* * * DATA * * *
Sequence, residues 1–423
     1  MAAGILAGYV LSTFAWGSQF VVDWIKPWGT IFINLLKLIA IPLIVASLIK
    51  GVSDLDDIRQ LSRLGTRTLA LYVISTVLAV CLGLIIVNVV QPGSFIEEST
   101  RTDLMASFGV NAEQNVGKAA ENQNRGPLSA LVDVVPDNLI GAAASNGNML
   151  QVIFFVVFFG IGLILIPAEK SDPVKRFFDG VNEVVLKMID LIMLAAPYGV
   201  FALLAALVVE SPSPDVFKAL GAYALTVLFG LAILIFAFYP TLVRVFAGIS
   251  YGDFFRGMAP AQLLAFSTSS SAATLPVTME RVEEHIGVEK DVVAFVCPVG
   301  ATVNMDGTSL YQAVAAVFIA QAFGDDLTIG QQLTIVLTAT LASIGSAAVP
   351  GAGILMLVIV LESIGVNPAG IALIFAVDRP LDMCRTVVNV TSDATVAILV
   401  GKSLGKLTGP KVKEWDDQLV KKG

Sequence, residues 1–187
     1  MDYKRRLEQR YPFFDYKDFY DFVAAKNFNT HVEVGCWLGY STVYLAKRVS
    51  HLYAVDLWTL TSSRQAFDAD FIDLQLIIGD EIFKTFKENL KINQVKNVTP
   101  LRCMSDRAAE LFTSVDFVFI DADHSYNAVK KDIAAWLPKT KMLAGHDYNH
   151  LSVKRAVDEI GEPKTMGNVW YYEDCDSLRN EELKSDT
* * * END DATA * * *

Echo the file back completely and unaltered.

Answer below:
Sequence, residues 1–423
     1  MAAGILAGYV LSTFAWGSQF VVDWIKPWGT IFINLLKLIA IPLIVASLIK
    51  GVSDLDDIRQ LSRLGTRTLA LYVISTVLAV CLGLIIVNVV QPGSFIEEST
   101  RTDLMASFGV NAEQNVGKAA ENQNRGPLSA LVDVVPDNLI GAAASNGNML
   151  QVIFFVVFFG IGLILIPAEK SDPVKRFFDG VNEVVLKMID LIMLAAPYGV
   201  FALLAALVVE SPSPDVFKAL GAYALTVLFG LAILIFAFYP TLVRVFAGIS
   251  YGDFFRGMAP AQLLAFSTSS SAATLPVTME RVEEHIGVEK DVVAFVCPVG
   301  ATVNMDGTSL YQAVAAVFIA QAFGDDLTIG QQLTIVLTAT LASIGSAAVP
   351  GAGILMLVIV LESIGVNPAG IALIFAVDRP LDMCRTVVNV TSDATVAILV
   401  GKSLGKLTGP KVKEWDDQLV KKG

Sequence, residues 1–187
     1  MDYKRRLEQR YPFFDYKDFY DFVAAKNFNT HVEVGCWLGY STVYLAKRVS
    51  HLYAVDLWTL TSSRQAFDAD FIDLQLIIGD EIFKTFKENL KINQVKNVTP
   101  LRCMSDRAAE LFTSVDFVFI DADHSYNAVK KDIAAWLPKT KMLAGHDYNH
   151  LSVKRAVDEI GEPKTMGNVW YYEDCDSLRN EELKSDT